Junior to profit rejuvenating mature oil fields

This ASX-listed company is preparing to reinvigorate mature oil fields in the US with costs after development anticipated below US$20 a barrel. Ngaire McDiarmid reports.
Junior to profit rejuvenating mature oil fields Junior to profit rejuvenating mature oil fields Junior to profit rejuvenating mature oil fields Junior to profit rejuvenating mature oil fields Junior to profit rejuvenating mature oil fields

Haydn Black


Elk Petroleum is dusting off its low profile and preparing to produce oil at its newly acquired oil properties, which will fast-track production at its key enhanced oil recovery projects in the United States.

Sydney-based managing director Brad Lingo expects oil production to begin later this year at Elk's new Devon oil properties, which will complement the company's neighbouring Singleton EOR project in Nebraska.

This planned production will be a handy addition as the company gears up towards EOR production at its flagship Grieve oil field in Wyoming in 2017.

Grieve is a joint venture with leading US EOR company Denbury Resources.

Elk struck an initial agreement with Denbury in December 2015 to increase its stake in Grieve to 49% along with the right to receive 70% of the net operating cash flow from the first 2 million barrels of production.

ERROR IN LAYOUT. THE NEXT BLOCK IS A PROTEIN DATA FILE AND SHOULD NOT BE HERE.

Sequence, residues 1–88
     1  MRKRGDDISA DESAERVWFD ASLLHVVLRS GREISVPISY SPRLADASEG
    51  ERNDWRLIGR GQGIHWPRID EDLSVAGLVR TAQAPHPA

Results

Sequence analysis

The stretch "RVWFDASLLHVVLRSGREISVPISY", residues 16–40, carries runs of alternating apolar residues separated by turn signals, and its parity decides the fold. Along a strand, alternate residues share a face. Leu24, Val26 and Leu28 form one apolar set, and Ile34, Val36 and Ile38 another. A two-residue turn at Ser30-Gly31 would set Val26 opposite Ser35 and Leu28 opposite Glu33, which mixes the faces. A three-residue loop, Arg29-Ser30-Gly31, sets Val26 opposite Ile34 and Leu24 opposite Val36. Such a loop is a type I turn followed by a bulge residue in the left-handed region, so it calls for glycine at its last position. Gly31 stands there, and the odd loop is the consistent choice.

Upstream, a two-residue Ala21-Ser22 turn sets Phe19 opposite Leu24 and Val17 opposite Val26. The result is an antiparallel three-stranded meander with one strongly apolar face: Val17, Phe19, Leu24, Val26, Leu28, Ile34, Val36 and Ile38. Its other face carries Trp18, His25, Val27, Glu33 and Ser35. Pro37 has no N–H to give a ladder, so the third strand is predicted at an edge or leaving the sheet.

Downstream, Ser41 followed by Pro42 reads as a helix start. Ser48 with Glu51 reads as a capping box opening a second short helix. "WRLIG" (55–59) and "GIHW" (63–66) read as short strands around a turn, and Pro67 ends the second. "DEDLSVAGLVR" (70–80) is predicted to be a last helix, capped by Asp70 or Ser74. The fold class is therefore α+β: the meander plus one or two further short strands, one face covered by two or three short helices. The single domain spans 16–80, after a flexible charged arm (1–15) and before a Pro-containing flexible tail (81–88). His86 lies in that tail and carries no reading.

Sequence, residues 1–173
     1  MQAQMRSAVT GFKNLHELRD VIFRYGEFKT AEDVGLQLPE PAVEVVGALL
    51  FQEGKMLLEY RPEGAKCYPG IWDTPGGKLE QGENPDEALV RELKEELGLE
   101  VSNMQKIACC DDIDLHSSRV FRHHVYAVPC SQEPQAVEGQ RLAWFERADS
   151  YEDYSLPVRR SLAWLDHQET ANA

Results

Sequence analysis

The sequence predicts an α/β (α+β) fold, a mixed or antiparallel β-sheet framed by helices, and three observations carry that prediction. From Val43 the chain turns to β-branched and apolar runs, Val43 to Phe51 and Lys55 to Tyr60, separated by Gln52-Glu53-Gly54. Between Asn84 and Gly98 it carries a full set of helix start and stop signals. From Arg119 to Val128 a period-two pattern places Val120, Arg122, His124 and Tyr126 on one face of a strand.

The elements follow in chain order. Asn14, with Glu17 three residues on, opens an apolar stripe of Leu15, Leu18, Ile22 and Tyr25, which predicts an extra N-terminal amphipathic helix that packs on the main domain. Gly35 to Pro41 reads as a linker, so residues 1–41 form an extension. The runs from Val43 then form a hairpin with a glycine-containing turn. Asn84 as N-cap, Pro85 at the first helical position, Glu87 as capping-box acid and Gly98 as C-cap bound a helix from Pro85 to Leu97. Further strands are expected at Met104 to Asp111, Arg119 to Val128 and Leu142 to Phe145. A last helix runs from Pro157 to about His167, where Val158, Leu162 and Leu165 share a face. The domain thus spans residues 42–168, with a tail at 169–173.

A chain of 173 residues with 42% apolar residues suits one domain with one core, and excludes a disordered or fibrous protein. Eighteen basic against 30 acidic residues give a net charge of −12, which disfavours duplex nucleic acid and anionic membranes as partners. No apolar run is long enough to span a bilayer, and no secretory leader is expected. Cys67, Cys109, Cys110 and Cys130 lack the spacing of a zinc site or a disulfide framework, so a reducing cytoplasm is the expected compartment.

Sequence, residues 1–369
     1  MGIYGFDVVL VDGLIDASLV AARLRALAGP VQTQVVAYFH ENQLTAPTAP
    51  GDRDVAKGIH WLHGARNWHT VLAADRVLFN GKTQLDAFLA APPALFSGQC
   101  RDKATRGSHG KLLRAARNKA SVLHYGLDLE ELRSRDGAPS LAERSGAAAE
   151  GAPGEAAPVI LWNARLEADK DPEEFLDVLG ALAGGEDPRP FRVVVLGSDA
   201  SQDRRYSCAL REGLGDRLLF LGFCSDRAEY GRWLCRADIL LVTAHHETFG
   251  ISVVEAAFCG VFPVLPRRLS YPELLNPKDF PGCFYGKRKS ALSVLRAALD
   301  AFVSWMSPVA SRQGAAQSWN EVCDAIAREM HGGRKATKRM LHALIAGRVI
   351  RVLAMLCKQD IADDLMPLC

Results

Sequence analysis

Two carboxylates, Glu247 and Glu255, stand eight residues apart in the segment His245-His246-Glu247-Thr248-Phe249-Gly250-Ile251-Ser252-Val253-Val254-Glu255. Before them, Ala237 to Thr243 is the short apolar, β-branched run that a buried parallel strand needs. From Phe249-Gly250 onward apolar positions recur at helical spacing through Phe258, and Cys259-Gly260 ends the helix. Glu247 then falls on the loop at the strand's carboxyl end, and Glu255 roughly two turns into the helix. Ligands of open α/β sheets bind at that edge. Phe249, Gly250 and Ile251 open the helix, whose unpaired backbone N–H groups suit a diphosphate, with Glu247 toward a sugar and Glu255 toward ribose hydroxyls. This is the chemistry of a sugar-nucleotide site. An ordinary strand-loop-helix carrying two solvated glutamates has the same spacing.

Lingo said although EOR was a relatively new concept in Australia, the process had been used for almost 100 years in the US to reinvigorate mature oil fields through various methods including Elk's preferred option of using carbon dioxide.

"Enhanced oil recovery is taking mature oil production assets and putting them on a rigorous fitness regime and getting them back to being able to produce very much along the lines of when they were early in their lives," he said.

"It's been proven that when these techniques and processes and technologies are applied by experienced operators, you're effectively doubling the amount of reserves you can recover, and doubling the overall life of those oil-producing assets."

The Grieve field was discovered in 1954 by Forest Oil Corporation and produced approximately 30 million barrels of oil with the peak rate of nearly 12,000 barrels of oil per day achieved in 1960.